With the ever increasing and decreasing status of the housing market, some homeowners have found themselves with the inability to keep up with house payments. However, there have been mortgage rates set in place to allow affordable ways for homeowners to keep their homes. These low rates are extremely beneficial if you find a need in refinancing your mortgage. But, is refinancing your mortgage really a good idea? Read on to learn more about refinancing your house and if that is the best option for you to solve you mortgage problems.
Refinancing? What Does That Mean?
If you think or if someone has told you that all you have to do is consult your mortgage lender, sit down to discuss a few terms, and sign a new mortgage in refinancing your mortgage, you are dangerously mistaken. The process requires a bit more time and effort on both parties—you and your lender.
Refinancing your mortgage means that your current loan is completely replaced with a brand new mortgage loan rate. This is possible with either you current lender or a brand new lender. Either method you choose, you will find yourself with a completely different mortgage than you had before. This also means that the terms of your mortgage loan is different as well. Before you jump into refinancing your mortgage, consider that everything will change—the loan rate, possibly your lender, and the terms of the loan.
Refinancing at the Best Time
Now that you know the basic definition of what refinancing your home is, the next step in refinancing your mortgage is to know when the time is right to do so. Ask yourself, is right now the right time for me to take out a new mortgage on my home? In determining an answer, you must consider a variety of things:
- Are You Satisfied With Your Current Mortgage Rate? Depending on when you purchased your home, your current rate may be higher than one you could receive at the time of deciding on refinancing your mortgage. This is a great reason to choose to refinance your home.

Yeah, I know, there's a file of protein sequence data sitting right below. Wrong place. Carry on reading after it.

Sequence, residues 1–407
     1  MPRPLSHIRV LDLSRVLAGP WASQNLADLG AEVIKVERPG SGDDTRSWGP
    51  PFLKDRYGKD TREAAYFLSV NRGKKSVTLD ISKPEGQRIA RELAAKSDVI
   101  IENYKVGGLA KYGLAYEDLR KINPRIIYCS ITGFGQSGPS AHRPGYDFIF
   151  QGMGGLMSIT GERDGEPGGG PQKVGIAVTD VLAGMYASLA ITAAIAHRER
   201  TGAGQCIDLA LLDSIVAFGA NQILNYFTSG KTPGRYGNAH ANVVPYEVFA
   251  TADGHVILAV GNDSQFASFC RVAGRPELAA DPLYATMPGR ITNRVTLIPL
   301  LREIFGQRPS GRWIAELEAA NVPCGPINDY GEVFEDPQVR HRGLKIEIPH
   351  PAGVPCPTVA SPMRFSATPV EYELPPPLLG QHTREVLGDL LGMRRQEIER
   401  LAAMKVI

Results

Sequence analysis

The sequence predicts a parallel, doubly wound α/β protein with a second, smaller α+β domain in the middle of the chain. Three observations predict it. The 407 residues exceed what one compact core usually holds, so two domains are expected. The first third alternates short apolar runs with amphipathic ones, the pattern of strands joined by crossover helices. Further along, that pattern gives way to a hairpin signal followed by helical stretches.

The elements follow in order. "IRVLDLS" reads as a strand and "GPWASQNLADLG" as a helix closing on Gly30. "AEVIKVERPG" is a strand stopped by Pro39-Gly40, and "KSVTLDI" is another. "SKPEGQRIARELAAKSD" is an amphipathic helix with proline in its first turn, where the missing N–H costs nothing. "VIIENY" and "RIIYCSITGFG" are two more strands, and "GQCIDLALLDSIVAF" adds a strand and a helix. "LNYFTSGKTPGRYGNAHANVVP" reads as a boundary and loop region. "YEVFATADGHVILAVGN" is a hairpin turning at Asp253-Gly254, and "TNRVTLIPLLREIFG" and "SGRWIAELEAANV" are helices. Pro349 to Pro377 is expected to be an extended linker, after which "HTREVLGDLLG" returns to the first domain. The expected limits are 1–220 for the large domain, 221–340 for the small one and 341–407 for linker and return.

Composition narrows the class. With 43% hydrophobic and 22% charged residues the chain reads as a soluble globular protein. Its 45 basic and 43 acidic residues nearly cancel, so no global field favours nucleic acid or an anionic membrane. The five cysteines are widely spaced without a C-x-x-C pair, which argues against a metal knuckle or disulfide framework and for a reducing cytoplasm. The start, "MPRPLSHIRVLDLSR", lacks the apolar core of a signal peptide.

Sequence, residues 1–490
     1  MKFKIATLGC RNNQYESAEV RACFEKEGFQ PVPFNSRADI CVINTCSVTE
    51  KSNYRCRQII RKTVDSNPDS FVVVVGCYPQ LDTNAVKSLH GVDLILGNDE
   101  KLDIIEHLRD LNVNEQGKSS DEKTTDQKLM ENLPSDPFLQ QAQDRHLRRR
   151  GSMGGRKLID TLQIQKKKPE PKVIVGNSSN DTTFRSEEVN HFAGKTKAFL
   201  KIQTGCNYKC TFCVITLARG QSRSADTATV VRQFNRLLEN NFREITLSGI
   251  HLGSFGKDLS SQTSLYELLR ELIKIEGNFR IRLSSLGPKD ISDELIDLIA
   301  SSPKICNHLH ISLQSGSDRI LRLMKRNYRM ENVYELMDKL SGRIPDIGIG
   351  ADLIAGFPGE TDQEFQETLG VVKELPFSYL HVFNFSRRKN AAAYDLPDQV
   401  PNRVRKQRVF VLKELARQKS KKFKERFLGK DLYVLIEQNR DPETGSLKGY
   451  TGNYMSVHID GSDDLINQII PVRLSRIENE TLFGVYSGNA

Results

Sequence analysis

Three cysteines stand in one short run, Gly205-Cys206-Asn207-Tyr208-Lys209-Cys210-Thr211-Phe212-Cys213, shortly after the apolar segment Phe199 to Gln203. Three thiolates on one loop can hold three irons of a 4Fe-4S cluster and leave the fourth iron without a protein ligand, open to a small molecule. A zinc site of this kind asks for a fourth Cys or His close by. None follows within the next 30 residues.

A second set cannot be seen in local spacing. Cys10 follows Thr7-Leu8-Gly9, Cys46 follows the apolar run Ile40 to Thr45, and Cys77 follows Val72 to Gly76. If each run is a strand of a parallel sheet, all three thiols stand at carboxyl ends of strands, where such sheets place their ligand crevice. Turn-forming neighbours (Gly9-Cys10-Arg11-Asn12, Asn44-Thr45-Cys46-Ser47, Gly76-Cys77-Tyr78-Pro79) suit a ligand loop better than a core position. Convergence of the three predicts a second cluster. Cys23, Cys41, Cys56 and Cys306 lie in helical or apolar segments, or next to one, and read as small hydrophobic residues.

- Do You Have An Adjustable Rate Mortgage? Homeowners who currently have an adjustable rate mortgage (ARM) may find it more beneficial to switch to a fixed mortgage rate that could be lower than an ARM.
- Has There Been A Decrease In Your Credit Score? Credit score is a big factor in determining mortgage rates. That means that your credit score will be a factor in refinancing your mortgage as well. If you credit score has fallen since you have gotten your current mortgage, refinancing could get you a better rate as well.
After asking yourself those questions, you can decide when to refinance your mortgage. This process involves similar steps that were taken when you bought your current home. You will be required to provide your income figures and assets. Your credit score and credit report are also considered as well. Do not forget about closing costs and fees that are required and expected to be paid at the start of the new loan. Considering this aspect, you may find that refinancing your mortgage is not a good idea because it will cost you more money that keeping your current loan. However, if you plan to stay in the home for a time that will make up for the closing fees, refinancing your mortgage is a good idea.
The Process of Refinancing
If you have now determined that refinancing your mortgage is the best option for you, now you can begin the process of refinancing your mortgage. You can expect to embark on the following journey to complete this process:
- Apply for a new loan. You can do this with your current lender or a new lender.
- Your credit score and report will be considered in determining if you qualify for the loan as well as what your new rate should be.
- Your house will have to be appraised to find what it is currently worth. Your lender will request a title report on your home and look for any liens.
- If approved for the loan, you will now sign the new loan. The earnings from the new mortgage is typically used to pay the old loan.
Sometimes, you will find that calculating all of the costs of refinancing your mortgage will put you in more financial jeopardy than keeping your current mortgage. If you are still unsure about refinancing your mortgage and if it would be a good idea, consult with a financial advisor, your lender, or a lawyer to see if that option will benefit you.
In conclusion, you do not want to jump into refinancing your home as a quick way to save money. Doing so may find you in a financial bind that would be difficult for you to come out of. Do some research, ask questions, and seek help if you are considering the process of refinancing your mortgage. You may find that the process is not worth it.